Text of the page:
The popularity of Malbec wine has exploded over the last 5 to 10 years. It's easy to drink, affordable and pairs well with many every day meals. It's also a smooth one that you can enjoy on its own.
These are fruity with some hints of spices. You'll taste blackberry, black cherry and plum. Most also have hints of floral notes, chocolate and black pepper.
They are medium to full-bodied wines. They are also rich in color and offer just a few tannins to give them some structure.
While this wine originated in the Bordeaux region in France, it is now most often associated with Argentina.
This red wine was once very popular in Bordeaux. It was also popular throughout France with hundreds of different names for all the variations grown.
Throughout the years, France producers ran into a number of problems with Malbec wine. The biggest issue was that it was susceptible to damage from cold temperatures and frost.
They also faced issues with mildew in the grape bunches. Due to these challenges, many producers began to replace these vines with easier to grow red wines.
The largest hit for this red in France was in 1956. This is the year the Bordeaux region faced a major freeze. This damaged a large number of the vines and many producers used this as an opportunity to plant different varieties.
Even though the plantings are limited, it is still a minor red wine type in the famous Bordeaux blend.
Today, many people associate Malbec with Argentina. Its climate, particularly in the Mendoza wine region, is perfect for this temperamental grape. The grapes grown here are also hearty enough to create single variety wines - instead of only using it in blends as the French did for years.
Argentina has grown it for a number of years, but it was not always as popular as it is today. Producers in Argentina had challenges in the 1970s and 1980s when many Argentine wine drinkers switched to white wine. The producers did a lot to reverse the trend and it is now the most popular red wine in Argentina.
If you want to learn more about Malbec's history in Argentina, read The Vineyard at the End of the World: Maverick Winemakers and the Rebirth of Malbec. I just finished it and it gave me a great perspective on the history of wine in Argentina and how Malbec became so popular.
Even though it lost its popularity in many French regions, it is still the most planted grape in the Cahors AOC (define AOC). This is a region in the southwestern part of France.
In Cahors, Malbec is known as Auxerrios, Cot or Cot Noir. It is the dominant red here and producers are required to use it as 70% in their blends.
Due to Argentina's recent success, Chile has also tried their hand at producing this variety. Their success has not matched Argentina but they sometimes use it as a blending grape with other wines.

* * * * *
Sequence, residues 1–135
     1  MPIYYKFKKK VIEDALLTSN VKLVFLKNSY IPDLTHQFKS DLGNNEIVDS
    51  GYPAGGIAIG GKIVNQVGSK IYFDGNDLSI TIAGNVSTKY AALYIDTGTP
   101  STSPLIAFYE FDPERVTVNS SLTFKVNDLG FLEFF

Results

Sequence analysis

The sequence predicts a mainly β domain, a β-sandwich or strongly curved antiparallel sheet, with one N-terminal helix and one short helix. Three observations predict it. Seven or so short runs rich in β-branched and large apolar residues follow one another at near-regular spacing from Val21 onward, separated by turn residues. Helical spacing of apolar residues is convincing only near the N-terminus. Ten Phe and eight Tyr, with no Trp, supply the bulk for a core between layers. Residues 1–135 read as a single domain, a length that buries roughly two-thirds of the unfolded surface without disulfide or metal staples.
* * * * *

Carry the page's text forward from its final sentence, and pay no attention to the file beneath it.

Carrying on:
Small amounts of it grow in Australia, New Zealand and South Africa. Producers in the United States grow some including those in Washington, Napa Valley and wineries in a few other regions. Italy also grows a small amount.
You should store your Malbec wine in the same manner as other red wines. You should store them in a dark, cool environment at between 50° and 60° F (10° and 15° C) (find other great red storing tips).
You can drink most of them at around 3 to 5 years of age. Higher-quality (usually also more expensive) Malbecs have the ability to age up to around 10 to 15 years.
Should you chill your Malbec wine before serving? No, not really. You should serve it at around 61° to 65° F (16° to 18° C).
If you just pulled it out of storage, it should warm up a little in no time. If you are storing it at room temperature, you might need to cool it down just a little (find tips for safely cooling your red wines before drinking).
You should also open the bottle to give it some time to breath. If I have the time, I try to open them an hour or two before pouring.
To get the best aromas and flavors out of your Malbec wine, you should serve it with a standard red glass. I recommend the Libbey Vina Round Red Wine Goblets since they are affordable and work well with most red wines.
As I mentioned above, Malbec wine pairs well with a variety of dishes. The best pairing for medium bodied ones is veal or pork chops.
Heavier ones need a heartier meal such as lamb chops or steaks. I also love pairing these with burgers.
Another great thing about this type of red is that it is easy to find. You will easily find them in your local supermarket or store. They don't often have a Malbec section, so head to the Argentina or South American wines section to find it.
You can also find a large selection - and some great values - online at Wine.com.
Here are a few of my favorite producers:
Many of these are widely available. Most are affordable and a perfect everyday option (search for Argentina Malbec on Wine.com).
If you love this red, you might also like these.
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